The completed pipeline crosses over 75 land easements and 35 road crossings en route to its customers.

Governor Edward G. Rendell has focused efforts on capturing the methane and piping the landfill gas directly to serve businesses to keep jobs in Pennsylvania.

DEP previously streamlined permitting processes both for landfill gas recovery systems and end users to encourage and foster use of the resource.

Pennsylvania provides a wide array of support to landfill gas recovery projects and to end users of landfill methane.

EPA recognized Pennsylvania as the State Partner of the Year in 2005, citing the commonwealth’s financial and technical support for developing landfill methane use.

Through the Pennsylvania Energy Harvest Grant Program and the Pennsylvania Energy Development Authority, Governor Rendell has invested more than $1.5 million in landfill gas projects.

The Alternative Fuels Incentive Grants program has provided another $1.3 million for development of landfill gas as a transportation fuel.

Pennsylvania is home to 24 operational gas-to-energy projects.

DEP estimates these projects generate 60 megawatts of electricity, enough to power more than 38,000 homes for a year.

The state’s landfill-gas-to-energy projects reduce emissions equivalent to taking 47,027 cars off the road, offset the use of 1,202 railcars of coal, prevent the use of 570,332 barrels of oil and equal the beneficial effect of planting 72,448 acres of forest.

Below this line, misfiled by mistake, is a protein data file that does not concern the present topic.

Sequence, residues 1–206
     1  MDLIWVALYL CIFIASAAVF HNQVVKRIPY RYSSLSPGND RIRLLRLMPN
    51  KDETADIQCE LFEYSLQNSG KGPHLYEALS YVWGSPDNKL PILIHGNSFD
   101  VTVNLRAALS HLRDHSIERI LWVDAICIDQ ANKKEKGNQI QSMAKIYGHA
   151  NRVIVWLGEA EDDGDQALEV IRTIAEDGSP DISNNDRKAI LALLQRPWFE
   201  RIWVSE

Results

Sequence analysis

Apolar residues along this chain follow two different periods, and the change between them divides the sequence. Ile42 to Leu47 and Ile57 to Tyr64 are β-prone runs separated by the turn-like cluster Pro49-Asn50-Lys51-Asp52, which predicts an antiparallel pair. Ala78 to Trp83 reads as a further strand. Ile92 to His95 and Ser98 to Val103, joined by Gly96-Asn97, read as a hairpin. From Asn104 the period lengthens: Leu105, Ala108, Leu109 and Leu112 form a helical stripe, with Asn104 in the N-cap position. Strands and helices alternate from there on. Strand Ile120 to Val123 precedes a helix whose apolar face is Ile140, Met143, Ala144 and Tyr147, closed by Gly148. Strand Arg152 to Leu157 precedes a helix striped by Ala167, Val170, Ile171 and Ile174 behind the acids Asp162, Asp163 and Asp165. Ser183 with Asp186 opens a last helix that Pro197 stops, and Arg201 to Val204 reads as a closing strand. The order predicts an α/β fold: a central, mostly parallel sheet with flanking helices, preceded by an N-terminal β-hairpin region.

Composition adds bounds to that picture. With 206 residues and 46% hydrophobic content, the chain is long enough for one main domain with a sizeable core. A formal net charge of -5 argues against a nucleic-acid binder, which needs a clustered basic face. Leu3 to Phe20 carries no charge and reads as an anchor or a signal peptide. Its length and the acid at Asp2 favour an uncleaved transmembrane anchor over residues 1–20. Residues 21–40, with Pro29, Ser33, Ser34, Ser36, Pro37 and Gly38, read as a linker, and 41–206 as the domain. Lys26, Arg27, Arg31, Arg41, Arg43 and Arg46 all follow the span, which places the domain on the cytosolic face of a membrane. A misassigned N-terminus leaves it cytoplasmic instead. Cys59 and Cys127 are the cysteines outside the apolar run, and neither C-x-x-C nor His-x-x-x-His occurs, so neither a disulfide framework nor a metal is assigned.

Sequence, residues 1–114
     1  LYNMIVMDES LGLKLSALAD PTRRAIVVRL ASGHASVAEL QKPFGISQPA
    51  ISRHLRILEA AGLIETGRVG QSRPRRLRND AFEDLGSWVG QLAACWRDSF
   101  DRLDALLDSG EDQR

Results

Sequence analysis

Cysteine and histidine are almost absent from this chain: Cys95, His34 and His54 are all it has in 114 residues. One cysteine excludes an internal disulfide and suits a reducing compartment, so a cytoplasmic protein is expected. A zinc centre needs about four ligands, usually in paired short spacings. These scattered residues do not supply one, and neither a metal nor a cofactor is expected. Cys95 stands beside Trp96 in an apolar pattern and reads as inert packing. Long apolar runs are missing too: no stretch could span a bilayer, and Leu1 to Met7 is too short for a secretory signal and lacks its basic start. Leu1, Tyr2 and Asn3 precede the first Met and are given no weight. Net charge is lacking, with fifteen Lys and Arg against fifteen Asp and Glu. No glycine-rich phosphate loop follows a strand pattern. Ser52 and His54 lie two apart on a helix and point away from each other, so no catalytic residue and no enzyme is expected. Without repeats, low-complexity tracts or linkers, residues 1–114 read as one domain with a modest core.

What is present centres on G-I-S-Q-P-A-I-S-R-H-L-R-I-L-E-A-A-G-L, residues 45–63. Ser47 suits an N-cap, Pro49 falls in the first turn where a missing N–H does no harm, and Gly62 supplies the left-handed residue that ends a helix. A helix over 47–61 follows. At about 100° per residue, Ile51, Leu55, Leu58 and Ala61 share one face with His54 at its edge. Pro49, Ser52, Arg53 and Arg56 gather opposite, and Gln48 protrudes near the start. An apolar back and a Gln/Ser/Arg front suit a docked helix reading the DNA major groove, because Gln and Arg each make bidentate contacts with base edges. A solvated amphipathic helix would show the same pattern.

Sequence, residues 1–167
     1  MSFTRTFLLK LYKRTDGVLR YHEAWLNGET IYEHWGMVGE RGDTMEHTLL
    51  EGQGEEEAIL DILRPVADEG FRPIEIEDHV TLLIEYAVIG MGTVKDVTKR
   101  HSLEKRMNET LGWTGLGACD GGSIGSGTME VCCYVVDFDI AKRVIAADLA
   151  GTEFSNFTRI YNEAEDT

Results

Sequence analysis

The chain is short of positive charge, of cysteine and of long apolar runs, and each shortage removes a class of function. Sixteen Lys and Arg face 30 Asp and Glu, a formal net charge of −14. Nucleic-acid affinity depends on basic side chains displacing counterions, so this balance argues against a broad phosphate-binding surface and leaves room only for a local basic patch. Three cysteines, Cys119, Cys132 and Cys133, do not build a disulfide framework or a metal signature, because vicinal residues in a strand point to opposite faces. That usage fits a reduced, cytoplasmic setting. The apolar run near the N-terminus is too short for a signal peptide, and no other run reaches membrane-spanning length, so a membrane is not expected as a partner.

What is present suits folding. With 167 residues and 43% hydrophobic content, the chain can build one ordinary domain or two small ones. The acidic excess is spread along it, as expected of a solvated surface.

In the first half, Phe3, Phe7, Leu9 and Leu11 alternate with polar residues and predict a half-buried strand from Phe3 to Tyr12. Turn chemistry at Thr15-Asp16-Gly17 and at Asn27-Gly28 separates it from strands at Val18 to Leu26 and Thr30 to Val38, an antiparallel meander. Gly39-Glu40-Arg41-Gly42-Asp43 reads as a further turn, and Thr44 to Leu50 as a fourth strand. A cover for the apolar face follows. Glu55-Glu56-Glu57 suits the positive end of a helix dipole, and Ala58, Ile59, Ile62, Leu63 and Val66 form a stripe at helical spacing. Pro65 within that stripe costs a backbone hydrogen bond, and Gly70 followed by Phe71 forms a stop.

Additional Pennsylvania support for development of landfill gas projects includes the Pennsylvania Landfill Methane Database to catalog landfills and landfill gas projects so that access to this energy feedstock is made easy.

The DEP also worked with EPA to develop a Primer for the Commonwealth of Pennsylvania for Developing Landfill Gas Utilization.

Landfill gas was also included as a preferred energy source in the Alternative Energy Portfolio Standard created by Governor Rendell and the legislature.

The standard ensures that 18 percent of the state’s electrical power will come from alternative energy sources within 15 years.

By including landfill gas in the standard, Pennsylvania gave electricity providers a strong incentive to invest in landfill gas projects.

For information about landfill methane gas, visit DEP’s Web site Keyword: “Energy.”

For more information on PennDOT highway occupancy permitting, visit its Web site and search for “Occupancy Permit Information.”